For the oppression of the poor
The servants and people of God, who, for the most part, are poor in a temporal sense, and are all of them, and always, so in a spiritual sense, standing continually in need of fresh supplies of grace; and being often afflicted, as the word signifies, are mean and despicable in the eyes of the men of this world, and so oppressed by them, as the poor generally are by the rich; and as the people of Israel were oppressed by the Egyptians, so are the people of God by antichrist, and by his tyrannical laws and edicts, and by such haughty and insolent persons as before described;
for the sighing of the needy;
who groan under their oppressions; being stripped of all good things, their friends, and worldly substance, they sigh inwardly, and cry unto the Lord, who sees their oppressions, hears their groans; and though he cannot be moved, as men are, by anything without himself, yet, according to his abundant mercy and sovereign will, he appears and exerts himself on the behalf of his people, and for their relief and assistance;
now will I arise, saith the Lord;
to have mercy on the poor and needy, and to avenge them on their oppressors, and free them from them. And this the Lord promises to do "now", speedily, immediately; God arises in the most seasonable time, when his people are in the greatest straits, and in the utmost distress and herein displays his wisdom, power, and goodness. This is an answer to the petition of the psalmist in ( Psalms 12:1 ) ;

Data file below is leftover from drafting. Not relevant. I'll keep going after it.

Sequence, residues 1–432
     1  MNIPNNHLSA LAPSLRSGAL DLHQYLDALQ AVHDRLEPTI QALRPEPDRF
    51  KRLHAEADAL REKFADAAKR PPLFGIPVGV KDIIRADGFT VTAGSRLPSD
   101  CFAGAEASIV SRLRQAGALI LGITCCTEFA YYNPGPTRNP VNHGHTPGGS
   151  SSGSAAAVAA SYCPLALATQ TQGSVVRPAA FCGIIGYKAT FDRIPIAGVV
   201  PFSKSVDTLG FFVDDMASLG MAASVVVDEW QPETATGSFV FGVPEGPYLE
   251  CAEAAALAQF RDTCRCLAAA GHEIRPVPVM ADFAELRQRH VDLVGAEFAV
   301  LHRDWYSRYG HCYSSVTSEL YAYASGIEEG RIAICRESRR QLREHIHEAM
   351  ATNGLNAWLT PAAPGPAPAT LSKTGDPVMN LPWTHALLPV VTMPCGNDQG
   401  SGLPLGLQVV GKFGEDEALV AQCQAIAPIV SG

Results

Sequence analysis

I will set [him] in safety [from him that] puffeth at him;
or "in salvation" F9; in Christ the Saviour. All God's people are put into the hands of Christ, and are preserved in him; there they are in safety, for out of his hands none can pluck them; and being built on him, the Rock, they are safe, notwithstanding the waves and winds of temptation, persecution come with ever so much force upon them. Here it seems to signify, that God would deliver his poor and needy from their oppressions, and put them into a comfortable, prosperous, safe, and happy situation, in which they will be out of the reach of their enemies; as will be the witnesses, when they shall ascend to heaven, ( Revelation 11:11 Revelation 11:12 ) ; even out of the reach of him that "puffeth at" them, despises them, and treats them with the utmost scorn and contempt; see ( Psalms 10:5 ) . Or that "breathes", or "let him breathe" F11 threatenings and slaughters; as Saul did against the disciples of Christ, ( Acts 9:1 ) ; or that "lays snares for him" F12, as the wicked do for the righteous; or that "speaks unto him" in such haughty and insolent language as before expressed. Some make this clause a proposition of itself, "he puffeth at him"; meaning either that he that is secure, safety puffs at his enemy, despises him, as he has been despised by him; or God, who breathes upon him, and whose breath is as a stream of brimstone, which kindles in him a fire of divine wrath, which is unquenchable; or else the sense is, God will "speak to himself", or "to him" F13; in which sense the word is used ( Habakkuk 2:4 ) ; that is, good and comfortable words to the poor; or "he will give him refreshment", or "rest": which he will determine in himself to speak to him: or "he shall have breathing", or "let him breathe" F14: he shall have times of refreshing from the Lord, and rest from adversity, from the oppositions and persecutions of his enemies.
F9 (evyb) "in salute", Pagninus, Montanus, Mariana, Vatablus, Junius, & Tremeliius, Piscator; so Ainsworth.
F11 (wl xypy) "spiret vel spirabit sibi", De Dieu.
F12 "Qui ponit ei laqueum", Munster; "qui laqueum injicit illis", Heb. "illi", Muis; so Kimchi.
F13 "Loquetur sibi vel ei", Vatablus.
F14 "Respirationem dabit illi", Cloppenburgius; so Ainsworth, and some in Michaelis.